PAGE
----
Israel punishes Gaza bus companies for ferrying protesters
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Israel punishes Gaza bus companies for ferrying protesters

Military liaison says sanctioned firms ‘aided in transporting Hamas terrorists and violent rioters to the border’ during recent riots

Jacob Magid is the settlements correspondent for The Times of Israel.

Illustrative: Buses received on July 13, 2016, on the Palestinian side of Israel's Erez border crossing with the Gaza Strip in the first such delivery since 2007. (AFP Photo/Mahmud Hams)
Illustrative: Buses received on July 13, 2016, on the Palestinian side of Israel's Erez border crossing with the Gaza Strip in the first such delivery since 2007. (AFP Photo/Mahmud Hams)

Israel’s military liaison to the Palestinians announced sanctions Monday against 14 Gazan transportation companies that bused protesters to demonstrations on the coastal enclave’s border with Israel that at times turned violent.

The Defense Ministry’s Coordinator of the Government’s Activities in the Territories, Maj. Gen. Yoav Mordechai, said Israel had learned of 14 companies that “aided in transporting Hamas terrorists and violent rioters to the border. As such, sanctions will be imposed on the owners of those companies.”

The sanctions come after previous Israeli warnings for Gazan bus companies to refrain from driving protesters to the border.

“As previously reported, COGAT sent notices to the owners of transportation companies in the Gaza Strip, warning them not to aid in the transport of Hamas terrorists and violent rioters to the Gaza Strip border with Israel,” Mordechai wrote in a statement.

He listed the 14 companies by name in a separate Arabic Facebook post.

Addressing the recent demonstrations on the Gaza border, Mordechai asserted that “the violent riots that have been taking place are fueled by Hamas and are an attempt to mask terror activities.”

Earlier this month, COGAT released a phone recording purporting to show that Hamas, the terror group that rules the strip, had forced drivers to bring protesters to the protest sites.

In the clip of a phone conversation between a COGAT official and a bus company owner, the Israeli security official could be heard warning the Palestinian against “taking part in terror” by driving Gazans to the protest as the companies had done the week before.

The driver responded by insisting that he and others had heeded Israeli warnings, but that those who refused to comply with Hamas pressure were jailed and replaced by other drivers willing to ferry Palestinians to the protests.

“We are not helping. Hamas came, arrested us, and filed a complaint against us,” he contended. “What are we supposed to do in such a situation?”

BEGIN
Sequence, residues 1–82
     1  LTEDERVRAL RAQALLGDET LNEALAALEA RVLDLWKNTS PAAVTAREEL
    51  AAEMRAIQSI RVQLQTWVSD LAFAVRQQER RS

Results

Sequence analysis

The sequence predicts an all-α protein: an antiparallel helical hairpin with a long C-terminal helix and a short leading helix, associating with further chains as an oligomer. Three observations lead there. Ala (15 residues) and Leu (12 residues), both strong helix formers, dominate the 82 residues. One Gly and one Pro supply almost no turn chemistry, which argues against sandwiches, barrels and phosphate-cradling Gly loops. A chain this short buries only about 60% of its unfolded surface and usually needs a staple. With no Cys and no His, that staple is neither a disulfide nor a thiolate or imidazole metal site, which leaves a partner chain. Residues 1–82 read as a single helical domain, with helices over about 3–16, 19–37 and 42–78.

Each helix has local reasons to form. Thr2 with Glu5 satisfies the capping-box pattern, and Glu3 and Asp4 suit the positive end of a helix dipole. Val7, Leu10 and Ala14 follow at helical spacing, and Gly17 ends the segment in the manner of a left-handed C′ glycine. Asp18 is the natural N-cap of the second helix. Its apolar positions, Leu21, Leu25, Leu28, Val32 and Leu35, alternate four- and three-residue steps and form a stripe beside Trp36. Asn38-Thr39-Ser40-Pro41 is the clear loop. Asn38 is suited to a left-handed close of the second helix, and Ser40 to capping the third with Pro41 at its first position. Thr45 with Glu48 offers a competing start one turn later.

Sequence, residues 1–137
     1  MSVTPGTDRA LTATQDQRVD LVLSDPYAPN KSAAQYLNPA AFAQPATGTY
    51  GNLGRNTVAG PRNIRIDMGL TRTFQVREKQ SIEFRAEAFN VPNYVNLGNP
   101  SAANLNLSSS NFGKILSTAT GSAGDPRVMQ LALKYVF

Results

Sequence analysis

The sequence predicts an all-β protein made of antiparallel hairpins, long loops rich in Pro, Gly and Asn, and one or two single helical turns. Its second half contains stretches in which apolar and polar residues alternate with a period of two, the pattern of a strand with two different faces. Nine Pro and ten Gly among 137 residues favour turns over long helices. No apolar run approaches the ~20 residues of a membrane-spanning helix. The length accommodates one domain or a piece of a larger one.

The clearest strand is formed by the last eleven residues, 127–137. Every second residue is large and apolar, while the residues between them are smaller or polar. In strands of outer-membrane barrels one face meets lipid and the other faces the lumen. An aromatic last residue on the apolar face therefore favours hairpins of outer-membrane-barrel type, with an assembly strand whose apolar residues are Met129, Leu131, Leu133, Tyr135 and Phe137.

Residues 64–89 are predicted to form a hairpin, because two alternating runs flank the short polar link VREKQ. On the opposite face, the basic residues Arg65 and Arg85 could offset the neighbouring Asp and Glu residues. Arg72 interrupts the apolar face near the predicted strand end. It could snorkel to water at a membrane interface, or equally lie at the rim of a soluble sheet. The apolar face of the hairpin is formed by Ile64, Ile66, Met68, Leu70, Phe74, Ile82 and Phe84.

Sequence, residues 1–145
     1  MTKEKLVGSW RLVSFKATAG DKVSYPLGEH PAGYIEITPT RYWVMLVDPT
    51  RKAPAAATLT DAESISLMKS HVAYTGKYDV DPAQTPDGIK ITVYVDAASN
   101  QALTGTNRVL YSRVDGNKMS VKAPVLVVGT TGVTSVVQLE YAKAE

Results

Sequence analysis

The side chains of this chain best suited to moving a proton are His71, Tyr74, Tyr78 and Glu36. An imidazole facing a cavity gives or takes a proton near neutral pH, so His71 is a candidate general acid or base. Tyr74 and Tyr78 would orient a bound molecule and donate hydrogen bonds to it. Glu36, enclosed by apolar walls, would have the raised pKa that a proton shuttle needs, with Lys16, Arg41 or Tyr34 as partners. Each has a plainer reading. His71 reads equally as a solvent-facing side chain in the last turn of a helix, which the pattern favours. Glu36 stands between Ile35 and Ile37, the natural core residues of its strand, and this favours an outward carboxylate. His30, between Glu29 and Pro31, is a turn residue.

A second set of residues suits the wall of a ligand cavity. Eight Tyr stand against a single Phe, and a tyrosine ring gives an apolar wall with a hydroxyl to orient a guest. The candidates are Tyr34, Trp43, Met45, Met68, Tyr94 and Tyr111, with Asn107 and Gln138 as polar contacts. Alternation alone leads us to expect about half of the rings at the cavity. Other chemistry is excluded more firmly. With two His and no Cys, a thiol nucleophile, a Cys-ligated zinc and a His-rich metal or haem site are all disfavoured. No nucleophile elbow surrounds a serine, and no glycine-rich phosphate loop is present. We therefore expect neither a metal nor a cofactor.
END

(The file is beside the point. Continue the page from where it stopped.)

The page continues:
Hamas said that several owners of bus companies had received the phone calls warning them not to assist in the organization of the protests. The terror group added that Israeli security officers had threatened to take punitive measures against the owners and their companies, including banning them from operating at border crossings with Israel.

Palestinian protesters burn Israeli flags near the border fence with Israel, east of Khan Yunis in the southern Gaza city, on April 13, 2018. (AFP/Thomas Coex)

On Friday, at least 10,000 Gazans took part in large-scale demonstrations, the third round of protests in as many weeks, with the Israeli military saying protesters hurled an explosive device and firebombs at Israeli troops deployed at the border, as well as making “several attempts” to damage the fence between Israel and Gaza and cross over into Israeli territory.

Protesters torched tires and burned large Israeli flags, as well as posters of Israel’s prime minister and defense minister, US President Donald Trump and Saudi Crown Prince Mohammed bin Salman. Large plumes of black smoke from burning tires rose into the sky.

The previous Friday, about 20,000 Palestinians took part in the demonstrations, with the previous week attracting an estimated 30,000.

The protests are part of what Gaza’s ruling Hamas terror group said will be several weeks of “March of Return” demonstrations, which Hamas leaders say ultimately aim to see the removal of the border and the liberation of Palestine.

More than 30 Palestinians have been killed in the clashes over the past three weeks, according to Hamas-run health authorities. Hamas has acknowledged that several of those killed were its members, and Israel has identified other fatalities as members of terrorist groups.

Times of Israel staff and agencies contributed to this report.

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